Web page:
material.

Eventually you could even add a drive motor, something as simple as the
motor from an electric drill to drive the movement of the torch for nice,
uniform cuts.

Best Regards,
Keith Marshall
tooladdict@progressivelogic.com

"I'm not grown up enough to be so old!"


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Re: Plasma cutter idea
CNC is not in my future - the $800 I spent on the plasma cutter was at
the budget limit.

I don't generally cut large stuff, so if & when I do, a special set up
is acceptable.  I'd like the everyday small stuff to be convenient.
Taking the cutter outside & dragging out a cutting table is the major
inconvenience that I'd like to change.  But having it inside really
depends upon good fume extraction, which is much easier with a
fixed-torch cutter.  I plan on some experiments with fume extraction.

Today I cut a 9" square out of a circular piece of 3/16" mild steel.
This is typical of my cutting jobs, so a table-saw sized set up would be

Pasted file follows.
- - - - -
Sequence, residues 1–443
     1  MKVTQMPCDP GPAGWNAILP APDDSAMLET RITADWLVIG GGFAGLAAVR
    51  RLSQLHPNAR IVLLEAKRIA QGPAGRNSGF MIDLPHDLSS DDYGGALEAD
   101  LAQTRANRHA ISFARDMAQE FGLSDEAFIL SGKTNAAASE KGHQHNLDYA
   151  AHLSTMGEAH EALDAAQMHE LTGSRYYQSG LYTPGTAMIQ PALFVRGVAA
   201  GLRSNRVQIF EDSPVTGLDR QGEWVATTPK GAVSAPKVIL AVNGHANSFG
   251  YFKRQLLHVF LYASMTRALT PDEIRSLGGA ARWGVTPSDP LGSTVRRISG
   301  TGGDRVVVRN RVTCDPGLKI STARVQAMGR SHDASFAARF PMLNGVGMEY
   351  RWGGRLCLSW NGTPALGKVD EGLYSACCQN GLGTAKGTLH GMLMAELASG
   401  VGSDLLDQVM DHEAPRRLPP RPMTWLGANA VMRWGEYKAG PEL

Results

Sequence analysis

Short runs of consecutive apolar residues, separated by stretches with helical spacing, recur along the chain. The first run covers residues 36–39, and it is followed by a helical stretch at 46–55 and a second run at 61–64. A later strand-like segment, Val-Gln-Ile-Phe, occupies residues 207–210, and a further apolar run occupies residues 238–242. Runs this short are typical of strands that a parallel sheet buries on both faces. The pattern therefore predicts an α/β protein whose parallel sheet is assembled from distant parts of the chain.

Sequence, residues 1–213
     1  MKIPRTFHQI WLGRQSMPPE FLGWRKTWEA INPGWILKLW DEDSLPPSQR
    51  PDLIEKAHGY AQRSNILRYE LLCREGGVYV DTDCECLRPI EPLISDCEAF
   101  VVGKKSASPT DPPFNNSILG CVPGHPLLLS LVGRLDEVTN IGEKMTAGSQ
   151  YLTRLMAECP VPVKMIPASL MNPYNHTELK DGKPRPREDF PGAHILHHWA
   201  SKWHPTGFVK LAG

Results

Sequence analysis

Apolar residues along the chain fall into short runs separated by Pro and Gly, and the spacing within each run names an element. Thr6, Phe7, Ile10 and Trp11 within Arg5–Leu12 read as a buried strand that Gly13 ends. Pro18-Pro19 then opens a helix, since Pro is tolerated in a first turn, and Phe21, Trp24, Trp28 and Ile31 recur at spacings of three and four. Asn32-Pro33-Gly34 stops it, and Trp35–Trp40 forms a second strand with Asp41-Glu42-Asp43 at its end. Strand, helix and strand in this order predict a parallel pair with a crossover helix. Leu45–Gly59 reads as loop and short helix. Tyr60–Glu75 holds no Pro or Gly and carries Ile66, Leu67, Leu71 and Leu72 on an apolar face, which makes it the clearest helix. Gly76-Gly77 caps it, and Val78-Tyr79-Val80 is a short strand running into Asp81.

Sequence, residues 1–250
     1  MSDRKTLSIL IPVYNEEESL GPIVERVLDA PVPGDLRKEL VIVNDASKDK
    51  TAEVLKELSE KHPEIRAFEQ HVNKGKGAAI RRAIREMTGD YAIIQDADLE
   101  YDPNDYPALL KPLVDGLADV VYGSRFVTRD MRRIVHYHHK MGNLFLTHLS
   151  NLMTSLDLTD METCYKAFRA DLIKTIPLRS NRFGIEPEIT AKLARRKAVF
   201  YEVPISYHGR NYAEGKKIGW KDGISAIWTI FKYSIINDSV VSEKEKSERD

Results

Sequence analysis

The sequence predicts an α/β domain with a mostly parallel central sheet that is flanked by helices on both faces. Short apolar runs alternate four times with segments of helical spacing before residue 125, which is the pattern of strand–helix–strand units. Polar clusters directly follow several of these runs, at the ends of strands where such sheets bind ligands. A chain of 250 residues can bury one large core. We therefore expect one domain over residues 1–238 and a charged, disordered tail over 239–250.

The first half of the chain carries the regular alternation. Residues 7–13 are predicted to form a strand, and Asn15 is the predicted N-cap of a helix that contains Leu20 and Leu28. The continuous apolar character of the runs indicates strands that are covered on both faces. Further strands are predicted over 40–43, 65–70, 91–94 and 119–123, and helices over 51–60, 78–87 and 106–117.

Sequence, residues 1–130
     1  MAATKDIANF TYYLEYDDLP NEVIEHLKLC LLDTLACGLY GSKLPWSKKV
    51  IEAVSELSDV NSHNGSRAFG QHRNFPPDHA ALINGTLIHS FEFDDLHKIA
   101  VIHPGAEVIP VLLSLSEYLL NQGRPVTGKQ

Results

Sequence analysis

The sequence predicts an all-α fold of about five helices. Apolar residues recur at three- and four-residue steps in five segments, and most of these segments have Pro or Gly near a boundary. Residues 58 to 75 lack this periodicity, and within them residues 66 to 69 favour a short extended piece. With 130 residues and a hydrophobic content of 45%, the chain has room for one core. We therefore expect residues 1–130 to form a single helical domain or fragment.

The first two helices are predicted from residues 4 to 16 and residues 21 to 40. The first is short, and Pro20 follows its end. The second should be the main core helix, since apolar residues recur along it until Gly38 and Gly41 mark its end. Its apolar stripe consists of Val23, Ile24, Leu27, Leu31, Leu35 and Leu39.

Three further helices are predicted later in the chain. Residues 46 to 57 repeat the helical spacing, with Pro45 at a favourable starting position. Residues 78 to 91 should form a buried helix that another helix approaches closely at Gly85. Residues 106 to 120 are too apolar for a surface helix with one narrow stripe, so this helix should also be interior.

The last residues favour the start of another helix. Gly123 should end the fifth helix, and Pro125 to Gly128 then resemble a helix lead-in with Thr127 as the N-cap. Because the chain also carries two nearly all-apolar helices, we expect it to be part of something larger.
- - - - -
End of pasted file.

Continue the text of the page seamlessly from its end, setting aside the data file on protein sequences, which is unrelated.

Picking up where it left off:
appropriate.  Another typical job is cutting pieces out of PC cases,
also small enough.

I found that microwave oven magnets will hold down a cutting guide, so
that's a problem solved (having to clamp down the guide).  The work
itself still needs to be clamped & avoiding that would be convenient.

For now I'm going to build a quick-and-dirty cutting table (bed frame
angle) and get some more experience with my cutter.  I'm kinda' keen on
this idea, so there's a good chance that I'll build it, someday.  If &
when I do, I'll be sure to show it off here.

Thanks,
Bob

Re: Plasma cutter idea
dnellK9YGfZTbnZ2dnUVZ_r2onZ2d@comcast.com:

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Keep us informed of your progress!

Your idea is, to say the very least, intreguing.


Re: Plasma cutter idea

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at
up
major
extraction.
would be
so
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frame
on
&
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You may find that those powerful magnets bend the plasma and kink your
lines

AWEM



Re: Plasma cutter idea

"Andrew Mawson"  wrote

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I was wondering about that.  I know in welding, magnetic fields play havoc
with the arc.

Steve



Re: Plasma cutter idea
Andrew Mawson wrote:
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I haven't noticed that yet, but it seems plausible.  I tried magnets
once as a work holder for stick welding and that arc was definitely
affected.  With plasma cutting, the speed of the air flow would diminish